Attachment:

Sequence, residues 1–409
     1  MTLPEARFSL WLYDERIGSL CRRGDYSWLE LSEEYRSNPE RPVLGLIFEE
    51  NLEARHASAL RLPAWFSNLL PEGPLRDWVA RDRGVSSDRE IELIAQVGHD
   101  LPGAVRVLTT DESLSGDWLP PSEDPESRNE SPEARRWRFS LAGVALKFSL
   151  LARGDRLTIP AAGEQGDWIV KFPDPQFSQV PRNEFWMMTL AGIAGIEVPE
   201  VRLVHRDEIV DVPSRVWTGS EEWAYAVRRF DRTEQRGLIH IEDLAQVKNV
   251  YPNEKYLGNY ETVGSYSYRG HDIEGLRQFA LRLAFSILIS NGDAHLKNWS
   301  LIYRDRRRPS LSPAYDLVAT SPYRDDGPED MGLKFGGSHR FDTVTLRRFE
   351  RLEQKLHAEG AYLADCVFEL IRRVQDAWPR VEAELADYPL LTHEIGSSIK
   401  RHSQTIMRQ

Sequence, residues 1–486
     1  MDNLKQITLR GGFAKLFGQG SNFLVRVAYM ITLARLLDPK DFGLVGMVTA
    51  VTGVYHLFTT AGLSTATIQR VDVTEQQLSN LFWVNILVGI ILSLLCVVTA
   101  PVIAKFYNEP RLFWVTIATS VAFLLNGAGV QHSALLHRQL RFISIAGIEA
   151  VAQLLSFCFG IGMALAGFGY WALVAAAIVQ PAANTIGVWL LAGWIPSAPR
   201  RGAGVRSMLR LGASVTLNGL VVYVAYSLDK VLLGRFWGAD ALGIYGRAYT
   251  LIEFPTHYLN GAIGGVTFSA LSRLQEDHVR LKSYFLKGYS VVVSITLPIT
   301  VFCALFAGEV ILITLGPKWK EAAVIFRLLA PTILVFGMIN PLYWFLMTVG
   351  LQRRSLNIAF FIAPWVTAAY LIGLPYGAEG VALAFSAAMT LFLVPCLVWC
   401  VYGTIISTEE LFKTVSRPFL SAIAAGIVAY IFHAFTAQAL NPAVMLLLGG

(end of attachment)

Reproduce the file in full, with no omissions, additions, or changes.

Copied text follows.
Sequence, residues 1–409
     1  MTLPEARFSL WLYDERIGSL CRRGDYSWLE LSEEYRSNPE RPVLGLIFEE
    51  NLEARHASAL RLPAWFSNLL PEGPLRDWVA RDRGVSSDRE IELIAQVGHD
   101  LPGAVRVLTT DESLSGDWLP PSEDPESRNE SPEARRWRFS LAGVALKFSL
   151  LARGDRLTIP AAGEQGDWIV KFPDPQFSQV PRNEFWMMTL AGIAGIEVPE
   201  VRLVHRDEIV DVPSRVWTGS EEWAYAVRRF DRTEQRGLIH IEDLAQVKNV
   251  YPNEKYLGNY ETVGSYSYRG HDIEGLRQFA LRLAFSILIS NGDAHLKNWS
   301  LIYRDRRRPS LSPAYDLVAT SPYRDDGPED MGLKFGGSHR FDTVTLRRFE
   351  RLEQKLHAEG AYLADCVFEL IRRVQDAWPR VEAELADYPL LTHEIGSSIK
   401  RHSQTIMRQ

Sequence, residues 1–486
     1  MDNLKQITLR GGFAKLFGQG SNFLVRVAYM ITLARLLDPK DFGLVGMVTA
    51  VTGVYHLFTT AGLSTATIQR VDVTEQQLSN LFWVNILVGI ILSLLCVVTA
   101  PVIAKFYNEP RLFWVTIATS VAFLLNGAGV QHSALLHRQL RFISIAGIEA
   151  VAQLLSFCFG IGMALAGFGY WALVAAAIVQ PAANTIGVWL LAGWIPSAPR
   201  RGAGVRSMLR LGASVTLNGL VVYVAYSLDK VLLGRFWGAD ALGIYGRAYT
   251  LIEFPTHYLN GAIGGVTFSA LSRLQEDHVR LKSYFLKGYS VVVSITLPIT
   301  VFCALFAGEV ILITLGPKWK EAAVIFRLLA PTILVFGMIN PLYWFLMTVG
   351  LQRRSLNIAF FIAPWVTAAY LIGLPYGAEG VALAFSAAMT LFLVPCLVWC
   401  VYGTIISTEE LFKTVSRPFL SAIAAGIVAY IFHAFTAQAL NPAVMLLLGG